BY DAVID D. FRIEDMAN, PROFESSOR, SANTA CLARA LAW
A few years ago I attended an event where the guest speaker was a Cabinet member. In conversation afterwards, the subject of long-term petroleum supplies came up. He warned that at some point, perhaps a century or so in the future, someone would put his key in his car’s ignition, turn it, and nothing would happen—because there would be no gasoline.
What shocked me was not his ignorance of the economics of depletable resources—if we ever run out of gasoline it will be a long, slow process of steadily rising prices, not a sudden surprise—but the astonishing conservatism of his view of the future. It was as if a similar official, 100 years earlier, had warned that by the year 2000 the streets would be so clogged with horse manure as to be impassable. I do not know what the world will be like a century hence. But it is not likely to be a place where the process of getting from here to there begins by putting a key in an ignition, turning it, and starting an internal combustion engine burning gasoline.
My book, Future Imperfect: Technology and Freedom in an Uncertain World, grew out of a seminar on future technologies that I taught for a number of years at Santa Clara Law. Each Thursday we discussed a technology that I was willing to argue, at least for a week, could revolutionize the world. On Sunday, students emailed me legal issues that that revolution would raise, to be put on the class web page for other students to read. Tuesday, we discussed the issues and how to deal with them. Next Thursday, a new technology and a new revolution.
The idea for the course started with two then-obscure technologies: public key encryption and nanotechnology. As the course developed I found myself exploring a considerable range of others, with one feature in common: Each might change the world within my lifetime. What you are reading is an exploration of those technologies, the futures each might generate, and how we might deal with them. This chapter briefly surveys the technologies; the next discusses the problem of adjusting our lives and institutions to their consequences.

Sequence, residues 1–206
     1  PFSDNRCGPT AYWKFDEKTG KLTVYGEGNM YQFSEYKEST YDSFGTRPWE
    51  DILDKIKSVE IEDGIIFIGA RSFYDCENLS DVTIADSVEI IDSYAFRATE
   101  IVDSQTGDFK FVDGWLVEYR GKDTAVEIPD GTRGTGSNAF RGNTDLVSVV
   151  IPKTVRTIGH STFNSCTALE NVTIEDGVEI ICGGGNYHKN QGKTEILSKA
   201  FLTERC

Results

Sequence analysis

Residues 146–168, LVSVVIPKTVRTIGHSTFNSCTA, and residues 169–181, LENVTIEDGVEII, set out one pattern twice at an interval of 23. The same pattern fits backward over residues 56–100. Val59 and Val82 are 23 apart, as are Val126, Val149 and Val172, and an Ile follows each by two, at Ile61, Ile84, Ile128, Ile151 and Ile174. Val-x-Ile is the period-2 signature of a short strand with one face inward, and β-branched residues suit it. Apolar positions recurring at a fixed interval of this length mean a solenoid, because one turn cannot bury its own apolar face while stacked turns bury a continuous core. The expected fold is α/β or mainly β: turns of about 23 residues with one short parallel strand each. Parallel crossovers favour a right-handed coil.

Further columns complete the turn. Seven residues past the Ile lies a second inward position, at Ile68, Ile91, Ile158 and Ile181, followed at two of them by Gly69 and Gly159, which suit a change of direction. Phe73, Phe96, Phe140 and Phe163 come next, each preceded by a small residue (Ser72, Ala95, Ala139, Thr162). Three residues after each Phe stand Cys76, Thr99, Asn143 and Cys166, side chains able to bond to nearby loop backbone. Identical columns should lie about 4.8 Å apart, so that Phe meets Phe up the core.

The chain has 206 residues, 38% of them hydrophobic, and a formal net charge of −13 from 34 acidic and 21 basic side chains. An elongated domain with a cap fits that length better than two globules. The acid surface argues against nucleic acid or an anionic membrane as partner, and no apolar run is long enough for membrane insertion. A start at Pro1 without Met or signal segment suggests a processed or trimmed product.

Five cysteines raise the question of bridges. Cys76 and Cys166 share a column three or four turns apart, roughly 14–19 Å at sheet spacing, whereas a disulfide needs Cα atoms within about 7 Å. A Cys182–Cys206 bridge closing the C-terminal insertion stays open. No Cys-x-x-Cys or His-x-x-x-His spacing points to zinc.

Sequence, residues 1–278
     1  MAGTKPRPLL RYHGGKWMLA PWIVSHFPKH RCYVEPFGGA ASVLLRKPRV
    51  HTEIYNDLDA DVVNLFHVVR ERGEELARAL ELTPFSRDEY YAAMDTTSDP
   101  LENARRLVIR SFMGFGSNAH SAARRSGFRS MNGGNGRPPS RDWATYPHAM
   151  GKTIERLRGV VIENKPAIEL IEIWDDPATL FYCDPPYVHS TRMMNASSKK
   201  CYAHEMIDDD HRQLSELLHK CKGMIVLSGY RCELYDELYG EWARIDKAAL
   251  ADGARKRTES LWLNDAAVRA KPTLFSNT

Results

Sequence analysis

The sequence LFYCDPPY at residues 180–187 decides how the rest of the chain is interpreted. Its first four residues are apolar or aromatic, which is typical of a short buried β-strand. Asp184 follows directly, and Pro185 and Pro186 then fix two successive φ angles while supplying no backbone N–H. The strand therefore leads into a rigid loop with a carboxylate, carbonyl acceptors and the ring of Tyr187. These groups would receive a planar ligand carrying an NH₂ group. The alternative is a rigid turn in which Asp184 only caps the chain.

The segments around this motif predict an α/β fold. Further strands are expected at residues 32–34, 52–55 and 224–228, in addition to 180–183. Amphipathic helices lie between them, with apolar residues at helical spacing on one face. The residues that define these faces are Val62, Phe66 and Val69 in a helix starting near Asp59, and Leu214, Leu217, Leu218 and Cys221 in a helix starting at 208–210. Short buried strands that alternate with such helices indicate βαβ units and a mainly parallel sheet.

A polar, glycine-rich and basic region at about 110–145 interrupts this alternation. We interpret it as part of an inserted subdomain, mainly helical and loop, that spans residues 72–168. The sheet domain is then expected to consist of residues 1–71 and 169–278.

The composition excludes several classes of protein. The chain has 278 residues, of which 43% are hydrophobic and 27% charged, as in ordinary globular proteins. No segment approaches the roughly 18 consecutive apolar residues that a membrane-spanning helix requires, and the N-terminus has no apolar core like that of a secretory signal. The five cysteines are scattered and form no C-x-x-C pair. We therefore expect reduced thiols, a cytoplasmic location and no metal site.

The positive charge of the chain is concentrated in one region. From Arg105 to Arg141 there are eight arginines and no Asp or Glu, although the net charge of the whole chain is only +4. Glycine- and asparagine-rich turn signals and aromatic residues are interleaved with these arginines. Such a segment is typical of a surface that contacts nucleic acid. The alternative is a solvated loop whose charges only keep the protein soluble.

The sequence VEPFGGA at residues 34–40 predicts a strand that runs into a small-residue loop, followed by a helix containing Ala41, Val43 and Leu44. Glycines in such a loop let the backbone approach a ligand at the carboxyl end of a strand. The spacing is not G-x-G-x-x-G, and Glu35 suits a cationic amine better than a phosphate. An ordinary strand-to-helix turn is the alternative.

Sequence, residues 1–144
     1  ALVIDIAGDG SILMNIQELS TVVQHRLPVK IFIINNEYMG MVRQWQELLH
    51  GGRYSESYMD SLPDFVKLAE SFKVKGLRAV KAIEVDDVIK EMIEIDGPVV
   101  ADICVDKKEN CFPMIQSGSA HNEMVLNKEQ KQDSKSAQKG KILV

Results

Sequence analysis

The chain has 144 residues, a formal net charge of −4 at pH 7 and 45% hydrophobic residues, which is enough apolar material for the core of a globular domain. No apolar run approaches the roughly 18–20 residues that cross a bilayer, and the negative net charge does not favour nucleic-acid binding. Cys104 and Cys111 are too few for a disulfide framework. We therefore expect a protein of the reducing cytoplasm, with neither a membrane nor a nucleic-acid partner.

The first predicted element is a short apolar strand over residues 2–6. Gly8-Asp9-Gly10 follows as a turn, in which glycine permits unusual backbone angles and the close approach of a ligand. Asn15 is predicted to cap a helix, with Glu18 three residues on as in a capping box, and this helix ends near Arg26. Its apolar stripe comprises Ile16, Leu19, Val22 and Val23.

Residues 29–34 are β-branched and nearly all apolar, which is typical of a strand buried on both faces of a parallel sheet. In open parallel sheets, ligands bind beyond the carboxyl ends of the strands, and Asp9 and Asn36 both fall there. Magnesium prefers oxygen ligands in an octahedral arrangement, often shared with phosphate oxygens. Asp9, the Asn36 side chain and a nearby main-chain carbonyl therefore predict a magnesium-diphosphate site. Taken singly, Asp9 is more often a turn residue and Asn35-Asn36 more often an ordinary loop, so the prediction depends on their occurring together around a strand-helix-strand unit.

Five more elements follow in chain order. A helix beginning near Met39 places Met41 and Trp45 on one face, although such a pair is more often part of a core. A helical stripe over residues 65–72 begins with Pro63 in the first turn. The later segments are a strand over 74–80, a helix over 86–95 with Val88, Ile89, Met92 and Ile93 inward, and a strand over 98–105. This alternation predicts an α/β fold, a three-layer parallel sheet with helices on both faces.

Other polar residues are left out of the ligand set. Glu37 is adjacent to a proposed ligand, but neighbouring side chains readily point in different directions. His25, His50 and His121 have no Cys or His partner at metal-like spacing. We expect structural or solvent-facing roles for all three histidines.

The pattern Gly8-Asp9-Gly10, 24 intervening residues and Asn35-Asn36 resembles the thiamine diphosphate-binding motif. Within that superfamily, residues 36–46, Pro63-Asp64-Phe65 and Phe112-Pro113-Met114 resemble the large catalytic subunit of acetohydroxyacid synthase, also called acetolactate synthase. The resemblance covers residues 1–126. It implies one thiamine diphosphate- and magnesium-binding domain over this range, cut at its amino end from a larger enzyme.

At the moment, the fashionable focus for worries about the future is global warming. It is probably a real problem and perhaps something should at some point be done about it. But, despite all the public furor and images of flooded cities, on current evidence it is not a very large problem. The latest estimates from the United Nations International Panel on Climate Change (IPCC) predict, if nothing is done, a sea level rise of a foot or two by the end of the century, an increase in average temperature of a few degrees, and perhaps a small increase in the frequency and force of hurricanes. It is possible that those predictions will turn out to be far too modest, but they are what we currently have to work with.
At least three of the technologies I discuss in this book—nanotech, biotech, and artificial intelligence (AI)—have the potential to wipe out our species well before the end of the century. They also have the potential to create a future sufficiently rich and technologically advanced to make global warming a problem that can be solved at the cost of the spare cash of a few philanthropists. Other technologies might create futures strikingly different from the present in a wide variety of ways: a radically more, or radically less, free society than we now live in, more privacy than humans have ever known or less, humans living like gods or like slaves. Their consequences will affect not only law but marriage, parenting, political institutions, businesses, life, death, and much else.
I am not a prophet; any one of the technologies I discuss may turn out to be a wet firecracker. It only takes one that does not to remake the world. Looking at some candidates will make us a little better prepared if one of those revolutions turns out to be real. Perhaps more important, after we have thought about how to adapt to any of ten possible revolutions, we will at least have a head start when the eleventh drops on us out of the blue. The conclusion I want readers to draw from this book is not that any one of the futures I sketch is going to happen. The conclusion I want them to draw is that the future is radically uncertain. In interesting ways.
And that it is worth starting to think about the possibilities, and how to deal with them, now.
Editor’s Note: This is excerpted from Friedman’s book, Future Imperfect (Cambridge University Press, 2008).